By JAN LARSON McLAUGHLIN

BG Independent News

COVID relief funds offer Wood County and Bowling Green the opportunity to do a lot of good with a lot of money.

Wood County commissioners have a total of $25.4 million to split, while the city of Bowling Green has a total of $7.3 million to split.

Bowling Green Mayor Mike Aspacher called the funding a “historic opportunity.”

“Absolutely, there was a feeling that this was an opportunity to do important things that will last,” Wood County Administrator Andrew Kalmar said.

The pots of money have raised requests from projects hungry for funding.

Of these projects, $9 million has been approved to extend public water and sewer services to residences in Dunbridge.

“It’s going to be life changing for these people in Dunbridge,” Kalmar said.

In Bowling Green, $4 million has already been committed for street paving, first responder radio equipment, City Park paving, an inclusive playground at Carter Park, and housing grants.

The public is invited to a forum Thursday, May 12, at 6 p.m. to share ideas about the nearly $3 million remaining in funding for Bowling Green. Ideas so far range from pickleball courts and dog parks to downtown parking lots, traffic lights and roundabouts.

The demands far exceed the dollars available to the city and county.

Wood County commissioners listened to groups advocating for a share of one-time funding.

So far, the county has received requests for nearly $42 million. And there may be more requests to come, Kalmar said.

The county’s available $25.4 million is divided into two spending areas:

  • $15.4 million for eligible American Rescue Plan Act projects under US Treasury Department rules.
  • $10 million the county can claim as lost revenue due to COVID. This funding can be spent on government services with far fewer restrictions than ARPA projects.

Commissioners have approved some projects in both money categories.

In ARPA Project Specific Funding, the county approved:

  • $275,000 for sheriff’s office and jail staff bonus.
  • $9 million for the water and sewer project on Ohio 582 in Dunbridge, requested by the Northwest Water & Sewer District.
  • $400,000 for water and sewer lines to Mercer Road in the Sugar Ridge area, also requested by the Northwest Water & Sewer District.
  • $1 million to identify and replace lead water pipes throughout the county, at the request of the Northwest Water & Sewer District.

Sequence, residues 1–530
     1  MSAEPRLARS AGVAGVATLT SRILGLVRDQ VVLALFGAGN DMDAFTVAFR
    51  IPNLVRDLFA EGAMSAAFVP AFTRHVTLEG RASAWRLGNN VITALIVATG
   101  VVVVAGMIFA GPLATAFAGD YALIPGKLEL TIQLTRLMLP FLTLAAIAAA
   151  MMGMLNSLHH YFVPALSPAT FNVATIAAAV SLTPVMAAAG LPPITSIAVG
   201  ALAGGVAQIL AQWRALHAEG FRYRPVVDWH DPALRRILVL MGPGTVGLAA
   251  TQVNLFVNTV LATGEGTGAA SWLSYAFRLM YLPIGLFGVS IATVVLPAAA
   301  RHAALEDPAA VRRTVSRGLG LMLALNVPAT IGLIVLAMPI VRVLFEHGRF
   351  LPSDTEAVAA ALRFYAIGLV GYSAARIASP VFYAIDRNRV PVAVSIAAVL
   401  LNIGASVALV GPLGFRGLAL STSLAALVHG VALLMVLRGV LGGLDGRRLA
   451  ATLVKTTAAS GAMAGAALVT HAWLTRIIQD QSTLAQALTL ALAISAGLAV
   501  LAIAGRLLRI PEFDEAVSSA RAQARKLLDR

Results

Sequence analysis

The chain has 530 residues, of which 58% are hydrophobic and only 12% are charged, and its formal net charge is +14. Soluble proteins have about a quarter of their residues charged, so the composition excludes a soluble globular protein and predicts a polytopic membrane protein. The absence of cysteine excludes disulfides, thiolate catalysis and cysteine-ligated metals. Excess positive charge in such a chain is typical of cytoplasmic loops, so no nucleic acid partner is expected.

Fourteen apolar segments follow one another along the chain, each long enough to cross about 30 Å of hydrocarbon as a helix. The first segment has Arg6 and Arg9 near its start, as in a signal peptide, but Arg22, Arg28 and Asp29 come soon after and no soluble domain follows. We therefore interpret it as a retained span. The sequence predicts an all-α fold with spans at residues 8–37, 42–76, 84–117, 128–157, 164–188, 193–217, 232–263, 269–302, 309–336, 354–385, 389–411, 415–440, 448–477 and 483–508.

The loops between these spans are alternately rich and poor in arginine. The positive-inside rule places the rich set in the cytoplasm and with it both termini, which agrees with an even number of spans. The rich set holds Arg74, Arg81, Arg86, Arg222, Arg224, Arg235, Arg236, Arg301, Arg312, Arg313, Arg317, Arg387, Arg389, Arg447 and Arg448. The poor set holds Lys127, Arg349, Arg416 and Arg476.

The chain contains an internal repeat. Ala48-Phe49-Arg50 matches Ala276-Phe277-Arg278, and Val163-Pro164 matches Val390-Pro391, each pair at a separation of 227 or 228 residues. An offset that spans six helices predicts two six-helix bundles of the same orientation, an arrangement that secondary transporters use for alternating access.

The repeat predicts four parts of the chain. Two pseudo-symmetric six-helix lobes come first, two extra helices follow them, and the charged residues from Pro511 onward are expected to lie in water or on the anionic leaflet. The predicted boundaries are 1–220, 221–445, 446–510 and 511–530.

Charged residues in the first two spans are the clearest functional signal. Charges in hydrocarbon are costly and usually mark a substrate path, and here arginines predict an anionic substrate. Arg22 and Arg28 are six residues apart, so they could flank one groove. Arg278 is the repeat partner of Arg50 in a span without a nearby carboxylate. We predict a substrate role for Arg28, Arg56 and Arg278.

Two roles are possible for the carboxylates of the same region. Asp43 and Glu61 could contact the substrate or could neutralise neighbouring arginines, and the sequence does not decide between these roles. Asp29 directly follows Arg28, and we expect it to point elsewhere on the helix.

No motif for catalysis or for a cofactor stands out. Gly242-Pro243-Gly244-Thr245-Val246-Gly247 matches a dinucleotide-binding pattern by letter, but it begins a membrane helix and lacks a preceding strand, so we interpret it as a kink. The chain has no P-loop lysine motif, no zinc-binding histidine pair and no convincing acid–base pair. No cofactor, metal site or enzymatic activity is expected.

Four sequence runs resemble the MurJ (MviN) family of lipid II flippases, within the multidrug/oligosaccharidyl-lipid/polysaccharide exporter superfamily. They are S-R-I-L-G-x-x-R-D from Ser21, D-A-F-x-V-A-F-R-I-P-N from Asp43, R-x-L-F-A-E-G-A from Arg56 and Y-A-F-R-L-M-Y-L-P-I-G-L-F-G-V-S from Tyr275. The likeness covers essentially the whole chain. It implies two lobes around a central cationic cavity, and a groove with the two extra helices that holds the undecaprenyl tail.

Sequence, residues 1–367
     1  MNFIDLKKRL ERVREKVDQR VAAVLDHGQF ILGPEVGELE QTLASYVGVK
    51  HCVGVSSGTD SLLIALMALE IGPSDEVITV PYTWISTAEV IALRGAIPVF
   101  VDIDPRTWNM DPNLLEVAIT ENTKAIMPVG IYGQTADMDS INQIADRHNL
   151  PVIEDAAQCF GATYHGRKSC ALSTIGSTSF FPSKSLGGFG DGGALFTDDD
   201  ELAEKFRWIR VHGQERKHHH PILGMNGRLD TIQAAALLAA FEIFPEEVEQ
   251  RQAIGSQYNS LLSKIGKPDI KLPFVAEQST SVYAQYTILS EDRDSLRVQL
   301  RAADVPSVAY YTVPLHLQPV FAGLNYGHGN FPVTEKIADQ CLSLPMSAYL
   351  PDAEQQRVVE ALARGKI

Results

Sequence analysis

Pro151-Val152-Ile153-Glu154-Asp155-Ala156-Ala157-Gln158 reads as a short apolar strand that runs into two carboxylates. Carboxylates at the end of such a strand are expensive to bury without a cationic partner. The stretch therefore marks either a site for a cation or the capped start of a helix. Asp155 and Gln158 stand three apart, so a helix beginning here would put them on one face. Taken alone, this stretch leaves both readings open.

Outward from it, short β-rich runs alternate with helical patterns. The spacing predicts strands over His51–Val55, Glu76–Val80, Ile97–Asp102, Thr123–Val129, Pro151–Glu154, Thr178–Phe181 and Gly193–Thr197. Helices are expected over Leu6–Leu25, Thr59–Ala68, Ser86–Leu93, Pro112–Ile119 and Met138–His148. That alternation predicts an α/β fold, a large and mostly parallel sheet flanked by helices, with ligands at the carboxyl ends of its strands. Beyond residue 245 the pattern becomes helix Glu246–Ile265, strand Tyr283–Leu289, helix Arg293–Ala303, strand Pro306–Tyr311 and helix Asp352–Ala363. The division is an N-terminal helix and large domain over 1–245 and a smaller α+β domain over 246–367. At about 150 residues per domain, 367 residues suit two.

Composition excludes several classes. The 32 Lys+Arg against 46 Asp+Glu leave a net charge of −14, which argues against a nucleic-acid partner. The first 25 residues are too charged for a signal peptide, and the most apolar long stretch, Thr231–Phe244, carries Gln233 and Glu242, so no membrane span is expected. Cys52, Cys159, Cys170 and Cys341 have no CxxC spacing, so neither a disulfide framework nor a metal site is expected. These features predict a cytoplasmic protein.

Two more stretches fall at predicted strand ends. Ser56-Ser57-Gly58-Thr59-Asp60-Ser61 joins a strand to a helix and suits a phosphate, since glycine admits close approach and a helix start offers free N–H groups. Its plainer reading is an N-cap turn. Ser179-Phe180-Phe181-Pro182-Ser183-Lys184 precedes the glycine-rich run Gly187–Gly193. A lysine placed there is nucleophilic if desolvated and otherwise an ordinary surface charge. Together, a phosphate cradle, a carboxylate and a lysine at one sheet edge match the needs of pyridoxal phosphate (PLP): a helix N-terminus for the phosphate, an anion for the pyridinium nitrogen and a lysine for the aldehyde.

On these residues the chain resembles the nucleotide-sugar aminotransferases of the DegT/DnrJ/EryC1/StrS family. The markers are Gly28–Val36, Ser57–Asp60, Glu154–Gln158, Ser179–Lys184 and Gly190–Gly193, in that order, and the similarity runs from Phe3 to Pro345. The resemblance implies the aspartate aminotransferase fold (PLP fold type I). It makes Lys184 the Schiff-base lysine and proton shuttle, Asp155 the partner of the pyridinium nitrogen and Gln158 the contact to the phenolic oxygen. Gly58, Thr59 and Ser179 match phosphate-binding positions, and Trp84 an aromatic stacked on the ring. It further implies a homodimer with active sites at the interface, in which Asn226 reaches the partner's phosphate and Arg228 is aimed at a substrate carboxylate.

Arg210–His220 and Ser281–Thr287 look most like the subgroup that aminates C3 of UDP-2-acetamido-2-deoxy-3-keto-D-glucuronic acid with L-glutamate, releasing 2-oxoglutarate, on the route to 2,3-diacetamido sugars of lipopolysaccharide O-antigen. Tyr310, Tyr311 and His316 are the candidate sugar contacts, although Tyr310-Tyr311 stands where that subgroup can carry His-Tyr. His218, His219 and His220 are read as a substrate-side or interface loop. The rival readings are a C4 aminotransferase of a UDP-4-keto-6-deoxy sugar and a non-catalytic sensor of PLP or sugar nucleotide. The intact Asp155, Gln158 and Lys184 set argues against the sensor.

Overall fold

• $800,000 to the Cocoon Shelter.
  • $437,500 for storm water issues on Deimling Road, requested by the Wood County Engineer.
  • $530,000 for storm water issues on East Broadway Road, also requested by the Wood County Engineer.

About $3 million remains, but nearly $16 million in other claims. The projects requested, without decision to date, include:

  • $4.1 million, or whatever amount is available, for water lines in Pemberville.
  • $10.9 million, or whatever amount is available, for water lines in North Baltimore.
  • $871,280 for Habitat for Humanity of Wood County.

In the $10 million fund to offset lost county revenue, commissioners approved:

  • $394,673 for a stormwater study requested by the Wood County Engineer.
  • $3 million interim approval for Wood County landfill expansion.
  • $4 million interim approval for air handling systems in county buildings.

That leaves at least $2.6 million — or more depending on the tentative amounts approved. So far, other requests have been made for an additional $7.2 million, including:

  • $3.4 million for a county-wide dispatch system for the Wood County Sheriff’s Office.
  • $3.8 million for the county’s 19 townships to improve one mile of road each, for an estimated $200,000 each.

The request for assistance in improving the township’s roads was made on Tuesday. But Kalmar said the county’s COVID relief funds cannot be used for road or bridge projects — unless it involves necessary improvements following drainage repairs.

However, Kalmar said the county is expecting news soon on federal infrastructure funds that could eventually be used for the township’s road application.

“I think there will be more money soon,” Kalmar said.